'White Lies': Amelia Opie, Fiction, and the Quakers
Cosgrave, Isabelle Marie
Date: 26 November 2014
University of Exeter
PhD in English
This thesis offers a reconsideration of Amelia Opie’s career as a novelist in the light of her developing religious allegiances over the period 1814-1825 in particular. In twentieth-century scholarship, Opie (1769-1853) was often treated primarily as the author of Adeline Mowbray (1805) and discussed in terms of that novel’s relationship ...
This thesis offers a reconsideration of Amelia Opie’s career as a novelist in the light of her developing religious allegiances over the period 1814-1825 in particular. In twentieth-century scholarship, Opie (1769-1853) was often treated primarily as the author of Adeline Mowbray (1805) and discussed in terms of that novel’s relationship with the ideas of Wollstonecraft and Godwin. Recent scholarship (Clive Jones, Roxanne Eberle, Shelley King and John B. Pierce) has begun a fuller assessment of her significance, but there is still a need for a thorough discussion of the relationship between her long journey towards the Quakers and her commitment to the novel as a moral and entertaining medium. Many scholars (Gary Kelly, Patricia Michaelson, Anne McWhir and others), following Opie’s first biographer Cecilia Lucy Brightwell (1854), have represented Opie as giving up her glittering literary career and relinquishing fiction-writing completely: this relinquishment has been linked to Quaker prohibitions of fiction as lying. My thesis shows that Quaker attitudes to fiction were more complicated, and that the relationship between Opie’s religious and literary life is, in turn, more complex than has been thought. This project brings evidence from a number of sources which have been overlooked or under-utilised, including a large, under-examined archive of Opie correspondence at the Huntington Library, Opie’s last novel Much to Blame (1824), given critical analysis here for the first time, and the republications which Opie undertook in the 1840s. These sources show that Opie never abandoned her commitment to fiction; that her move to the Quakers was a long and fraught process, but that she retained a place in the fashionable world in spite of her conversion. My Introduction gives a nuanced understanding of Quaker attitudes to fiction, and the first chapter exposes the ‘white lies’ of Opie’s first biographer, Brightwell, and their legacy. I then move on to examine Opie’s early works – Dangers of Coquetry (1790), “The Nun” (1795) and The Father and Daughter (1801) – as she flirts with radicalism in the 1790s, and Adeline Mowbray is explored through a Quaker lens in chapter 3. I juxtapose Opie’s correspondence with her Quaker mentor Joseph John Gurney and the celebrated writer William Hayley with her developing use of the moral-evangelical novel – Temper (1812), Valentine’s Eve (1816) and Madeline (1822) – as Opie was increasingly attracted to the Quakers. Chapter 5 analyses Opie’s anonymous novels – The Only Child (1821) and Much to Blame (1824) – alongside her Quaker works (especially Detraction Displayed (1828)) around the time of her official acceptance to the Quakers (1825). The final chapter investigates how Opie balanced her Quaker belonging with her ongoing commitment to fiction, exemplified in her 1840s republications, which I present in the context of her correspondence with publisher friends Josiah Fletcher and Simon Wilkin, and with Gurney. Opie’s ‘white lies’ of social negotiation reveal her difficulties in maintaining a literary career from the 1790s to the 1840s, but her concerted effort to do so in spite of such struggles provides a highly significant insight into the changing religious and literary climates of this long period.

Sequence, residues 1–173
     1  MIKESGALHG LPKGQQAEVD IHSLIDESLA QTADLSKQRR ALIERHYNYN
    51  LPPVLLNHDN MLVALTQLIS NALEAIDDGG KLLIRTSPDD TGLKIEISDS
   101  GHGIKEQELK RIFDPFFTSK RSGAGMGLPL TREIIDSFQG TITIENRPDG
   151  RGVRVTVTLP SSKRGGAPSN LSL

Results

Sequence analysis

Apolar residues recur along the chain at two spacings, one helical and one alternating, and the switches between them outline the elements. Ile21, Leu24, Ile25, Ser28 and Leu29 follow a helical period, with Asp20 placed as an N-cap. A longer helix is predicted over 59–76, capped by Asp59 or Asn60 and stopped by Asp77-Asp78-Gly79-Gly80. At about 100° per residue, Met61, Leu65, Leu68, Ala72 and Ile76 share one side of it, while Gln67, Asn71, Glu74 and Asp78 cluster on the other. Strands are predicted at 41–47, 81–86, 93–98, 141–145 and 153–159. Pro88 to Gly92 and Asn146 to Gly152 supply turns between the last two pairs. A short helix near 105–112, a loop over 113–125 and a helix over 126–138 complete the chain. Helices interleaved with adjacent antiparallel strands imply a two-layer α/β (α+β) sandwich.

Item views 0
Full item downloads 0